The Essure Debate
Lawsuits Rising Across West Virginia
Bayer has opted to discontinue selling the defective medical device, Essure, a birth control implant. As of July 20th, 2018, many women in West Virginia are still dealing with unanticipated side effects of this popular birth control method. While women wish to retain control over when they begin their family, the side effects seen with this device are simply too much for them to bear. They weren't given all of the information needed to make an informed decision as to whether this method was right for their needs. As a result, many Essure lawsuits across West Virginia have been filed.
What is Essure?
A non-surgical form of birth control, Essure offered a permanent way to prevent pregnancy, making it an attractive method for women to choose when to have a baby. Furthermore, thanks to the easy insertion process, women found they could return to their normal routine almost immediately after the procedure. There was no healing or recovery time required. The device was nothing more than two coils that were inserted into the patient's fallopian tubes, however, these coils brought about scar tissues and the closing of the tubes. The idea was that when the tubes were closed, pregnancy could not occur. The only drawback believed to be associated with the device was the need for another form of birth control until this scar tissue formed.
Undisclosed Side Effects
Numerous women found that they had side effects when using Essure. Some women became pregnant after having the device installed, while others reported they had painful cramping, pain in their abdomen, allergic reactions, and more. They were not warned of these potential side effects before choosing to use the device and are now suing as a result. Other women found that they suffered from nausea and vomiting as well as bloating and irregular periods, continuous discomfort, and itchy skin. Sadly, some women have had even more severe side effects with Essure. The device has been known to migrate, so many women found their fallopian tubes or uterus were perforated after the insertion of Essure; The device has broken in some cases and ectopic pregnancies had taken place. Some women even lost their lives following the use of it.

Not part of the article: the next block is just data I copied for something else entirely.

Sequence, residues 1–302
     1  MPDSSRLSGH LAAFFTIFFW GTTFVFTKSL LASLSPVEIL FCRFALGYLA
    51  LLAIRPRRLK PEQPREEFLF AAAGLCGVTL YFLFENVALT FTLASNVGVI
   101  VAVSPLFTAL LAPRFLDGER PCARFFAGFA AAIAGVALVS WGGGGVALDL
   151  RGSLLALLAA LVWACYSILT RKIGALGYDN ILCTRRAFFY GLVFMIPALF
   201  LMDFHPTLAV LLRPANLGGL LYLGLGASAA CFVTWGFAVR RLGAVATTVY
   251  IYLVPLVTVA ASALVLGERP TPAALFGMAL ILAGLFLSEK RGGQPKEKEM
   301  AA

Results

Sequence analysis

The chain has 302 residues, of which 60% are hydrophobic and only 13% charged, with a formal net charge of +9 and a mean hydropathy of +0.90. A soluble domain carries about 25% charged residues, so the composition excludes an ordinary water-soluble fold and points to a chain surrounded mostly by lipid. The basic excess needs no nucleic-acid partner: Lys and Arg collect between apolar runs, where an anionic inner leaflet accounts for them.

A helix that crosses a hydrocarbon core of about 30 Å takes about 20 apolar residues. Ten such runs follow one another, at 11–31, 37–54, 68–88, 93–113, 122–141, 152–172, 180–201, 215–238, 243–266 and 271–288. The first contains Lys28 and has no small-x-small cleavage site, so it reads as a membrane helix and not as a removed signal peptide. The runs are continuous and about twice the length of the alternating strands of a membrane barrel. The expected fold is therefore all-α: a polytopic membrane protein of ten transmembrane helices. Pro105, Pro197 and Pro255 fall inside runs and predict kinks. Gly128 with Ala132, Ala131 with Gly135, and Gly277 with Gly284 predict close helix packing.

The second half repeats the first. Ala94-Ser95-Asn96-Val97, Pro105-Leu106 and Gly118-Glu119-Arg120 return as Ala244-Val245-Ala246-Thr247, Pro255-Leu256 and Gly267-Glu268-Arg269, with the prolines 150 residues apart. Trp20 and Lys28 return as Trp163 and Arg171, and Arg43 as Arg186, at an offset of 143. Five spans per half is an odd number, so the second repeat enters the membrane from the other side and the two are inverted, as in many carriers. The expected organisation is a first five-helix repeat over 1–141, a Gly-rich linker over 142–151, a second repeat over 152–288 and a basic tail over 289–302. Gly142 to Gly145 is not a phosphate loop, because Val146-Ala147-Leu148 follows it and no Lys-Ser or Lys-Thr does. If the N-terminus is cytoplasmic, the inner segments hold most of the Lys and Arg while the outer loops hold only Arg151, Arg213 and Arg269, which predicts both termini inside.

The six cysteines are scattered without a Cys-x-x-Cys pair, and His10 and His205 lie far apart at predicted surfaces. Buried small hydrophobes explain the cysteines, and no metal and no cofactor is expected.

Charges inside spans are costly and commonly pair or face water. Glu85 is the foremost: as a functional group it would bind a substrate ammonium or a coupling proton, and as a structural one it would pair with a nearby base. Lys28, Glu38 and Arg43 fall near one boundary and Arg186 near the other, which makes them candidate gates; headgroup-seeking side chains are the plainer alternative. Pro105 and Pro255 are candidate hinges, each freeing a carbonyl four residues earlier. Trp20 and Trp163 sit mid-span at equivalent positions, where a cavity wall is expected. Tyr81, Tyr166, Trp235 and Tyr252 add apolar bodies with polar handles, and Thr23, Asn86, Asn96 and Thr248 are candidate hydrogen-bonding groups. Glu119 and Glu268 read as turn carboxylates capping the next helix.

Legal Action Taken by Women
Numerous women are now suing the company, saying Bayer did not disclose all possible side effects. These lawsuits were first filed beginning in 2015 and they continue on today. Federal preemption, however, is making it difficult for those who do choose to sue. The FDA allowed Essure to be offered in the country after putting it through rigorous clinical testing and the agency's Premarket Approval Process. This process shields Bayer from any product liability lawsuits that may arise. Therefore, any woman who used Essure and experienced side effects should contact Pat Jacobs for a free consultation, so you have your day in court and help to ensure this harmful device does not make its way to the market once again.